PS: I think we've been super, super lucky with our parents. Like all other Indian parents, of course, they were concerned about us finishing our graduation, but they never made it seem like we had to give up extracurricular activities for academics; it was always about managing time between the two. Tara and I, didn't go to sleepovers or birthday parties. We had a very structured schedule. And in some ways, I think we’re trying to make up for it now. But it's not like we had a miserable childhood; we had a really great one. I was always good at academics, so my parents were really hoping that I would pursue law, but I think I was very headstrong in my decision and I kept telling them that I can pursue law even when I’m 30 or 40. 

HB: Art forms are perceived very differently in India and abroad—how did you navigate your way through that? 

PS: When I found out that I couldn't perform ballet full-time in a company in Mumbai, I found another company, Navdhara, which taught modern dance and jazz. I was very lucky I was selected. They also made me teach; I realised teaching was inevitable in Mumbai. But I also realised that I loved it. So, by this time, I was performing, teaching, and going to college. With Navdhara, I was travelling and performing around the world. We went to USA, Canada, Turkey, Israel, and even Japan. At the time, I was a student at Jai Hind college and they weren't supportive of me. So, I shifted colleges in the first semester, and completed my degree in marketing and finance from St. Andrews. In a way, it turned out great because I run my own school now.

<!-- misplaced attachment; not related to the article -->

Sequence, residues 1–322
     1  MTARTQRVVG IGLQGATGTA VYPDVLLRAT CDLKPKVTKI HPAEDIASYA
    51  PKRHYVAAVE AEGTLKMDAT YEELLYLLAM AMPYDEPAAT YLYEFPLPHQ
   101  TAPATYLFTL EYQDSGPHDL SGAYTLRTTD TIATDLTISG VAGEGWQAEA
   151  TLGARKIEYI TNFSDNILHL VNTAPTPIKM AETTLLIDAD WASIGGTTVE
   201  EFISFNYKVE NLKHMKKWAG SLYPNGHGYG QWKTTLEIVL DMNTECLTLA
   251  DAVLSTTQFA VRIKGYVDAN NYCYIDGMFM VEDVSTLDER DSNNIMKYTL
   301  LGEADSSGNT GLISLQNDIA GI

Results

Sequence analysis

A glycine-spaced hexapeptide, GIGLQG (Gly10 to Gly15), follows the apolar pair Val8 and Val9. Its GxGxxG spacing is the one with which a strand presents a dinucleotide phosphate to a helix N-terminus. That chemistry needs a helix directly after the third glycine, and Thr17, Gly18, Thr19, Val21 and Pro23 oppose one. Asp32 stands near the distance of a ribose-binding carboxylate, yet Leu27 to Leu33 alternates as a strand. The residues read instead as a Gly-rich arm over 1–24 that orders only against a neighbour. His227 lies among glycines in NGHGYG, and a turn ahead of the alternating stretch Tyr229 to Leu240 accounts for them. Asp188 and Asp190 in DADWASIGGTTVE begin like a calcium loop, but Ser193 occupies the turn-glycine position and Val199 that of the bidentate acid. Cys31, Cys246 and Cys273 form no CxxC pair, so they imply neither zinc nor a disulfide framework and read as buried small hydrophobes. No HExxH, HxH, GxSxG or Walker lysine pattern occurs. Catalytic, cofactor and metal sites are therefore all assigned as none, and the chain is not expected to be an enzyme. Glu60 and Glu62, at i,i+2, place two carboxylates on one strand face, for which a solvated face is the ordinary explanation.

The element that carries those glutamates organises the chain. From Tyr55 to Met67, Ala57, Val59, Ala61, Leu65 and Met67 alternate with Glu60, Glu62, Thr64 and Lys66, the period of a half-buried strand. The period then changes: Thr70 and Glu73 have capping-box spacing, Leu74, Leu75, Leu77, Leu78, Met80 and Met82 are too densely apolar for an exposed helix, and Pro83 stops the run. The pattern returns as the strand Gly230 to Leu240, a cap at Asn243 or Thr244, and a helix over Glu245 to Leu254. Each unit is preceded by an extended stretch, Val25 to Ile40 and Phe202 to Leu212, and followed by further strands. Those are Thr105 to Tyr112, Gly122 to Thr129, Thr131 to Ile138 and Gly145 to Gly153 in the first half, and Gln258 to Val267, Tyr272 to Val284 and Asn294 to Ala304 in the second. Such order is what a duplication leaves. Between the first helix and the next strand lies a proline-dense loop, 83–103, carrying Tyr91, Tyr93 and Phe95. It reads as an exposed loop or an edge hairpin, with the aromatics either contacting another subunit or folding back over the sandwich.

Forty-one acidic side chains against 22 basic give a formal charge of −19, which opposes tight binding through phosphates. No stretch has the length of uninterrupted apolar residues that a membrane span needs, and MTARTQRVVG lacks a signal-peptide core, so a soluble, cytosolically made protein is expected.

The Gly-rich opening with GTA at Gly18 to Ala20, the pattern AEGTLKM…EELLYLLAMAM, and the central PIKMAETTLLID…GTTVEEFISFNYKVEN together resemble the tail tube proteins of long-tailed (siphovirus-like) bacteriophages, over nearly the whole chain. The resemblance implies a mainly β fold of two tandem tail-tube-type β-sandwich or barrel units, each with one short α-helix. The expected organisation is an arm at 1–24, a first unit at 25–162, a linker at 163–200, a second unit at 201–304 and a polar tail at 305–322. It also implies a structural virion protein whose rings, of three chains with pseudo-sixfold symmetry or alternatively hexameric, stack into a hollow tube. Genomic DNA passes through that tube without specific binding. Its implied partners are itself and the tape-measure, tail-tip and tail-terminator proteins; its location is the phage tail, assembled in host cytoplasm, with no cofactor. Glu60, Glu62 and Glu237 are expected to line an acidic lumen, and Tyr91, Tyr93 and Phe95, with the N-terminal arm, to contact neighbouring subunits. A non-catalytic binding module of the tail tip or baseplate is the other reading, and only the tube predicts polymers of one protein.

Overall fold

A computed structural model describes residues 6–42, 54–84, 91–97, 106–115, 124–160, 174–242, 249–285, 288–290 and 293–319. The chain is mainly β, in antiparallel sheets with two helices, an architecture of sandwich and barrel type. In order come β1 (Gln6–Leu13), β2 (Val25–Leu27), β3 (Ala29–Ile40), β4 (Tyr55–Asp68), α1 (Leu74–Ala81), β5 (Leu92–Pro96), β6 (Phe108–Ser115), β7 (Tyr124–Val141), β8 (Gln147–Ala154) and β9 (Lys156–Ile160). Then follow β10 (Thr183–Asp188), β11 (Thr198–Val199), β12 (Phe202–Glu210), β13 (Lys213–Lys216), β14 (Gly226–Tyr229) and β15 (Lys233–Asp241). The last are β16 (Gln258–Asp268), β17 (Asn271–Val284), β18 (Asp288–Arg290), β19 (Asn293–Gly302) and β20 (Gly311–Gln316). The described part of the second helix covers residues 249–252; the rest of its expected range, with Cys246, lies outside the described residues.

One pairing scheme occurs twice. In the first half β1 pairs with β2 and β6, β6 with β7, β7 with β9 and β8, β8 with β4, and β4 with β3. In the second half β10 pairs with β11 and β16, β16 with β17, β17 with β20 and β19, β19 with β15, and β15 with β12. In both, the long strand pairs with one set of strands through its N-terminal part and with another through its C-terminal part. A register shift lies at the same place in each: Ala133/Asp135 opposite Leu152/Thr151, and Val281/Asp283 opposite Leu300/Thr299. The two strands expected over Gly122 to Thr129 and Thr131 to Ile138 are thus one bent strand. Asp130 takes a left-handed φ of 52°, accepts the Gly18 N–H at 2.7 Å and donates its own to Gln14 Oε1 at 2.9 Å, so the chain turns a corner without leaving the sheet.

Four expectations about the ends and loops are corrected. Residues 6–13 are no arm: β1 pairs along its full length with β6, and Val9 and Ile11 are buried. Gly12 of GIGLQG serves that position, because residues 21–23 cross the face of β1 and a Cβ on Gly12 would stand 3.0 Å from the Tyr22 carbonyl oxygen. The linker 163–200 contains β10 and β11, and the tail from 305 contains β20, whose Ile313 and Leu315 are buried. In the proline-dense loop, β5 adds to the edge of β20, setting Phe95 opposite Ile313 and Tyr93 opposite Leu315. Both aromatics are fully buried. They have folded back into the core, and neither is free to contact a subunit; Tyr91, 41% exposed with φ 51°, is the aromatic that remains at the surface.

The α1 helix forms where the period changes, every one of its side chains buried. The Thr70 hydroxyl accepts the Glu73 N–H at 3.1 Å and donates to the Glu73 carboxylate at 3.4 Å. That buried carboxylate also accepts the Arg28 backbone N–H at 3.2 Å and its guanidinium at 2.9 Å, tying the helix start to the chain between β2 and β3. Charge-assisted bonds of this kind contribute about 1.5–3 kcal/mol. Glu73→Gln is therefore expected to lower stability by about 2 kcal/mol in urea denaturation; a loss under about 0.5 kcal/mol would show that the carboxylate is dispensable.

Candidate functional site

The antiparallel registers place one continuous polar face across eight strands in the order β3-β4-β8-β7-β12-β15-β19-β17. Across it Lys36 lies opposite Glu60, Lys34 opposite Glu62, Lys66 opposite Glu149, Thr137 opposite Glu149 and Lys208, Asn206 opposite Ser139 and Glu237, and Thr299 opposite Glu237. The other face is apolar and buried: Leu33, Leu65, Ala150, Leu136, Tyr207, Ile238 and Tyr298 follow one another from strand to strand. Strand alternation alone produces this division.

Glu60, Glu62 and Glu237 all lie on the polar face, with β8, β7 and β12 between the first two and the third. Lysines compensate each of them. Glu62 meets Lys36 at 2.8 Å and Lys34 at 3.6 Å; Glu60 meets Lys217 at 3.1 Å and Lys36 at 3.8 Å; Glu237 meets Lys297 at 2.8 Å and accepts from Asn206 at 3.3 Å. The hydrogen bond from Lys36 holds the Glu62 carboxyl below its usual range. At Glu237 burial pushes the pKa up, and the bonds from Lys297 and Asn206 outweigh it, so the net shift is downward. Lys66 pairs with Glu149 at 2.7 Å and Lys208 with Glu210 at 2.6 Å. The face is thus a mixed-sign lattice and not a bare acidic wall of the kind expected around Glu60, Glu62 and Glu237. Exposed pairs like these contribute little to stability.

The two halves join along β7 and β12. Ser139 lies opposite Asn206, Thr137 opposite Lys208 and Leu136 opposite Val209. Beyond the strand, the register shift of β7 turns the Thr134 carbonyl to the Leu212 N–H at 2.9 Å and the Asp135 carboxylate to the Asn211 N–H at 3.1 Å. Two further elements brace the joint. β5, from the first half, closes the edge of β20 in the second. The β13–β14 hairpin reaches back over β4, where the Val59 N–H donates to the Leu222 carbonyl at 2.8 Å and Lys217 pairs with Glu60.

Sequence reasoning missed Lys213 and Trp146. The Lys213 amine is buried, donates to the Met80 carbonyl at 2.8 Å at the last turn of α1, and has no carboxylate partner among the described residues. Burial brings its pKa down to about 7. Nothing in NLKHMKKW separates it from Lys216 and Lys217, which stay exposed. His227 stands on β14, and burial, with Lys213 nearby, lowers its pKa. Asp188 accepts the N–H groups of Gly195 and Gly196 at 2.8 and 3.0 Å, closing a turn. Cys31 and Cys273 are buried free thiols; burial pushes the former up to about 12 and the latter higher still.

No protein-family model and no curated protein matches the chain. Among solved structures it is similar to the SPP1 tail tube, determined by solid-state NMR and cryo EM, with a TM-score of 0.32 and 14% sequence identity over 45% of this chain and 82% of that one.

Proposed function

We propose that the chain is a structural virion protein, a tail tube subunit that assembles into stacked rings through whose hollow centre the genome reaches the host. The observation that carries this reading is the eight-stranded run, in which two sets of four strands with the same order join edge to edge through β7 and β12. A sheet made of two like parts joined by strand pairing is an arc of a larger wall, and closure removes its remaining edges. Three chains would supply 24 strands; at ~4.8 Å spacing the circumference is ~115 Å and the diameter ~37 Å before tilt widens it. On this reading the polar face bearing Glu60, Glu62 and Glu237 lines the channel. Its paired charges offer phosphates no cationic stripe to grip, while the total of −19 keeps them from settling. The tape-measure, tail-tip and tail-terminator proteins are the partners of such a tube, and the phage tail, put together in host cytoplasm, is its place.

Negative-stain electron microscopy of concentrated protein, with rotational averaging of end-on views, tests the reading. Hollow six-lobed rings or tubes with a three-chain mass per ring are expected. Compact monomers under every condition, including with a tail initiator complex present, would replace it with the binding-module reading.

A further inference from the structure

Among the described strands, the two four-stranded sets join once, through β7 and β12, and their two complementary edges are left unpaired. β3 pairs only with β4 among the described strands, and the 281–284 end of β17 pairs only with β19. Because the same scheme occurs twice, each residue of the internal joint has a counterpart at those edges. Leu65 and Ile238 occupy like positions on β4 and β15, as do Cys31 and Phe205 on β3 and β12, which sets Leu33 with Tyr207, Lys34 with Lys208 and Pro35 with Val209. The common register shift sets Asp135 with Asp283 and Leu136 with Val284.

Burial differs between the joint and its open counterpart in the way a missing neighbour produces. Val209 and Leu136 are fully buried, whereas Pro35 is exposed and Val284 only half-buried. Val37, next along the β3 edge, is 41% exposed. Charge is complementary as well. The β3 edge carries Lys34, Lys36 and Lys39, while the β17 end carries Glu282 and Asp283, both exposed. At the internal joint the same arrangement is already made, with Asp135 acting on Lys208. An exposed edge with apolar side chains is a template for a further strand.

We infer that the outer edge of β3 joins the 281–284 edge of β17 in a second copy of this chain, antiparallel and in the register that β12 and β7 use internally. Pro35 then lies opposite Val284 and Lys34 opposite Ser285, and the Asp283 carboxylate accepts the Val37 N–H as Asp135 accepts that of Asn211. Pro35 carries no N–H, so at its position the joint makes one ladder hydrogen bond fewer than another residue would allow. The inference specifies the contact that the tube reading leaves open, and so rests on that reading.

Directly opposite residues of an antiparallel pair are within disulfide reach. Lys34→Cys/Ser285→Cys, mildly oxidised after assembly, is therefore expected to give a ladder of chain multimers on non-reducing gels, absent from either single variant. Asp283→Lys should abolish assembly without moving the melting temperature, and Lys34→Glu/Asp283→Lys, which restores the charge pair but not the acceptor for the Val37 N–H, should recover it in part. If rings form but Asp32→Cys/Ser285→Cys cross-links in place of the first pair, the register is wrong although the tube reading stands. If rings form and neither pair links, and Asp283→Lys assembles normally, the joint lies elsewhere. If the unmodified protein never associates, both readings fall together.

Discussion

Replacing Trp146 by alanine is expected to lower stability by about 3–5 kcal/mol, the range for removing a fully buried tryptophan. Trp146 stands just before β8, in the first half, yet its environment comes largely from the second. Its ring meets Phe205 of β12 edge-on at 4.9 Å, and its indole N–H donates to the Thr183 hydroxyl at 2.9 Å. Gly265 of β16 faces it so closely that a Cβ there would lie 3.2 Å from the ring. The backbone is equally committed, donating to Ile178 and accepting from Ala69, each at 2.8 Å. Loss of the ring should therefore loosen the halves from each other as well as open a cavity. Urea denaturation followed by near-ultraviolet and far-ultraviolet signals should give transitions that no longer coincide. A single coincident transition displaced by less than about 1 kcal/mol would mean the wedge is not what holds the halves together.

HB: So, with Navdhara, was it only ballet? 

PS: No. I ended up learning and performing a lot of modern, contemporary forms of dance, too. But I quickly realised that ballet was my passion. The reason I actually joined Navdhara was because there was an amazing international ballet teacher there, Yehuda Maor (The man who trained Aamir and Manish in the film Yeh Ballet). I just wanted to learn more and grow, and if that meant doing ballet for just four hours and not being able to perform it, I was okay. 

HB: Which artists did you look up to in your field? 

PS: One of my ballet idols has always been Alessandra Ferri, an Italian dancer, who is in her late 50's and is still performing. The one thing I missed in India was that there were not too many ballet dancers growing up to watch / learn from. I feel lucky to be able to do so much work in the field and be recognised as a ballet dancer. 

Photograph by: Meghna Bhulla

HB: How did you then navigate your way as a dancer in India—where it was all too rare to ‘make it?’ What were the challenges? 

PS: I think the most difficult thing to be a ballet dancer in India at that time was the lack of a formal pathway or structure. It was pretty much trial and error—just taking up every opportunity that came your way. Our mother encouraged us to take things head on. So, we were performing at NCPA in Mumbai, when we were four. We got a lot of exposure, which led to us being noticed. Unlike most dancers abroad, I did not get a formal degree in dance and become a professional performer. I consider my years at Navdhara as my formal education, because I was studying and dancing for about 14 hours a day. 

HB: Why ballet? What drew you to it, and what does it make you feel even today?